Distributed Power Africa (DPA), a subsidiary of the Econet Global group, has begun installing solar panels at Total service stations in Zimbabwe. Under this partnership between DPA and Total Zimbabwe, the subsidiary of the French oil company Total Energies, 15 service stations will be solarised.
Total Zimbabwe wants to reduce the dependence of its service stations on the public electricity grid. The subsidiary of the French oil company Total Energies has signed a partnership with Distributed Power Africa (DPA), the subsidiary of the Zimbabwean group Econet Global, to install solar photovoltaic systems in 15 of its service stations in Zimbabwe.
DPA has already installed solar panels at Rusape, Avondale, Emerald Hill, Westgate and Chisipite service stations in the capital Harare. The Divyajeet Mahajan-led company is continuing work on the Victoria Falls, Kwekwe and Msasa filling stations. For the rest, DPA is still conducting studies to determine the electricity requirements of the filling stations.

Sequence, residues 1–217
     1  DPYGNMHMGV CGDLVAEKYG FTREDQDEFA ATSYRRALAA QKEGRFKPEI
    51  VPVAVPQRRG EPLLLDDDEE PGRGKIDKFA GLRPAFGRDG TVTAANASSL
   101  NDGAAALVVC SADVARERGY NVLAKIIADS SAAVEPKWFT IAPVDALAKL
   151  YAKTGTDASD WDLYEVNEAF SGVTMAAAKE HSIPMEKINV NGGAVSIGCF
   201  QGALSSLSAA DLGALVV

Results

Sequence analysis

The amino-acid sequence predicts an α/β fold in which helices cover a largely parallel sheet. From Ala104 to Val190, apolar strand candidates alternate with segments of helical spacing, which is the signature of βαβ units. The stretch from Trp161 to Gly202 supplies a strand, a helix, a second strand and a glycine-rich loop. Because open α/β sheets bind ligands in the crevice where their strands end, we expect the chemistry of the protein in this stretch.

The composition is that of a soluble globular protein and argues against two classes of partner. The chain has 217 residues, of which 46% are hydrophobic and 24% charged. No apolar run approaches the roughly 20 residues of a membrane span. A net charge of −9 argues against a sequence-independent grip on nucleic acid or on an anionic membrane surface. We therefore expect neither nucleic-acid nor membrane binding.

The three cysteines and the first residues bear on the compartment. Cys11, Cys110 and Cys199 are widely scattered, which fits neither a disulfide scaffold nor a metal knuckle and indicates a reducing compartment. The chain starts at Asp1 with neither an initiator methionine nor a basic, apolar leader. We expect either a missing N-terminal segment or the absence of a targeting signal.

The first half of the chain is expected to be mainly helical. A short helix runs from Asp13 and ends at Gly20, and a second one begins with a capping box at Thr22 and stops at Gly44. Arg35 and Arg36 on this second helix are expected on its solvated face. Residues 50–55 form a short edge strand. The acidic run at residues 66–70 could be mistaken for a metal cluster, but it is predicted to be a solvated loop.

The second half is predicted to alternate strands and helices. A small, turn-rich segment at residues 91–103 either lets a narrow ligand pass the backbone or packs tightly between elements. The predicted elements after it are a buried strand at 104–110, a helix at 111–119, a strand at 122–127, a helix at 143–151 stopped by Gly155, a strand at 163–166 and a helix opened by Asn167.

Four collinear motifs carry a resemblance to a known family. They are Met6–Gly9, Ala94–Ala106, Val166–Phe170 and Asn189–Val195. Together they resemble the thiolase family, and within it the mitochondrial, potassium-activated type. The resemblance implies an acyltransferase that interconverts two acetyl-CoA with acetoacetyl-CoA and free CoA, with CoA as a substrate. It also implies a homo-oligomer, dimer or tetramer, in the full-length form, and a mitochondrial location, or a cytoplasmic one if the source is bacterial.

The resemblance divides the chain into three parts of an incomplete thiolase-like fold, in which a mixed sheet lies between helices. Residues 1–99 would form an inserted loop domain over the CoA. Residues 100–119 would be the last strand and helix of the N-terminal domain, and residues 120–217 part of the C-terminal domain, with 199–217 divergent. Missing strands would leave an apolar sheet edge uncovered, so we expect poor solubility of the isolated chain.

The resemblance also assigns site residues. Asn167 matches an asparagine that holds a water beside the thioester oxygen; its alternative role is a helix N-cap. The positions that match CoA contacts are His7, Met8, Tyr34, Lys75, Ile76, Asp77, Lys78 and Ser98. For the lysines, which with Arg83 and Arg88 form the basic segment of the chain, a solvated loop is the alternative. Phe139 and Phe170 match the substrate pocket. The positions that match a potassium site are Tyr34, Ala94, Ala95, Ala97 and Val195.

The solarised facilities will be better equipped to cope with load shedding. This situation has led Total Zimbabwe to turn to generators that are more expensive to maintain and operate. The company estimates that the adoption of solar photovoltaic energy will enable its service stations to reduce their dependence on the national electricity grid and diesel generators by 30%. It will also enable the petroleum distributor to reduce its electricity bills.
The partnership between DPA and Total Zimbabwe is part of a project by the French oil company to solarise 50% of its service stations in Zimbabwe. Total Energies will invest 4 million dollars to achieve this. In Zimbabwe, the oil company has 101 service stations that currently operate on grid electricity or diesel generators. This project is part of Total Energies’ wider ambition around the world.
The Paris-based group wants to equip 5,000 of its service stations with solar photovoltaic systems in 57 countries, most of them in Africa. These installations will have a cumulative capacity of 200 MWp, for a total investment of 300 million dollars.
Jean Marie Takouleu